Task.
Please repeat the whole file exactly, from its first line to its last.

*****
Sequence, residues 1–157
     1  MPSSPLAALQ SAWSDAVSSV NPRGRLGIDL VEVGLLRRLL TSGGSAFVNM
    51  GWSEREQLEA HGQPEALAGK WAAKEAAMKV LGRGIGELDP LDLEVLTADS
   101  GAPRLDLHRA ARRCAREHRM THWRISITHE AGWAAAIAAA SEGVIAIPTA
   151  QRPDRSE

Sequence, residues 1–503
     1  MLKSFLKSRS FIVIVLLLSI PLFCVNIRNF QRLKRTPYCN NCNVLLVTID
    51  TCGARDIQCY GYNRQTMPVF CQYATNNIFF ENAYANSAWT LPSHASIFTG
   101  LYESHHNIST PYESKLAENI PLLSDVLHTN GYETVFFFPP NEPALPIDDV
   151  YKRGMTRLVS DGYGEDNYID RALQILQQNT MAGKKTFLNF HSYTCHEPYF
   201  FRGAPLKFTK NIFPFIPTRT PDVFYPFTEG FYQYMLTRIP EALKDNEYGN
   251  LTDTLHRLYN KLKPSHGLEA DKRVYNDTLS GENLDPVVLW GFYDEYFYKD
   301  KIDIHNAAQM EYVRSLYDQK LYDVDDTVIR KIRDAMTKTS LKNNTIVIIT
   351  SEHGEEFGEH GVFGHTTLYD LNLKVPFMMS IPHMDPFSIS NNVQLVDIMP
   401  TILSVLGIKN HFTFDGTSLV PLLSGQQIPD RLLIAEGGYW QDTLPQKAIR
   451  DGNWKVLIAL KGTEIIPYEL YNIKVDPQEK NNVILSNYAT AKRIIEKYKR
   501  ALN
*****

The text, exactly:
Sequence, residues 1–157
     1  MPSSPLAALQ SAWSDAVSSV NPRGRLGIDL VEVGLLRRLL TSGGSAFVNM
    51  GWSEREQLEA HGQPEALAGK WAAKEAAMKV LGRGIGELDP LDLEVLTADS
   101  GAPRLDLHRA ARRCAREHRM THWRISITHE AGWAAAIAAA SEGVIAIPTA
   151  QRPDRSE

Sequence, residues 1–503
     1  MLKSFLKSRS FIVIVLLLSI PLFCVNIRNF QRLKRTPYCN NCNVLLVTID
    51  TCGARDIQCY GYNRQTMPVF CQYATNNIFF ENAYANSAWT LPSHASIFTG
   101  LYESHHNIST PYESKLAENI PLLSDVLHTN GYETVFFFPP NEPALPIDDV
   151  YKRGMTRLVS DGYGEDNYID RALQILQQNT MAGKKTFLNF HSYTCHEPYF
   201  FRGAPLKFTK NIFPFIPTRT PDVFYPFTEG FYQYMLTRIP EALKDNEYGN
   251  LTDTLHRLYN KLKPSHGLEA DKRVYNDTLS GENLDPVVLW GFYDEYFYKD
   301  KIDIHNAAQM EYVRSLYDQK LYDVDDTVIR KIRDAMTKTS LKNNTIVIIT
   351  SEHGEEFGEH GVFGHTTLYD LNLKVPFMMS IPHMDPFSIS NNVQLVDIMP
   401  TILSVLGIKN HFTFDGTSLV PLLSGQQIPD RLLIAEGGYW QDTLPQKAIR
   451  DGNWKVLIAL KGTEIIPYEL YNIKVDPQEK NNVILSNYAT AKRIIEKYKR
   501  ALN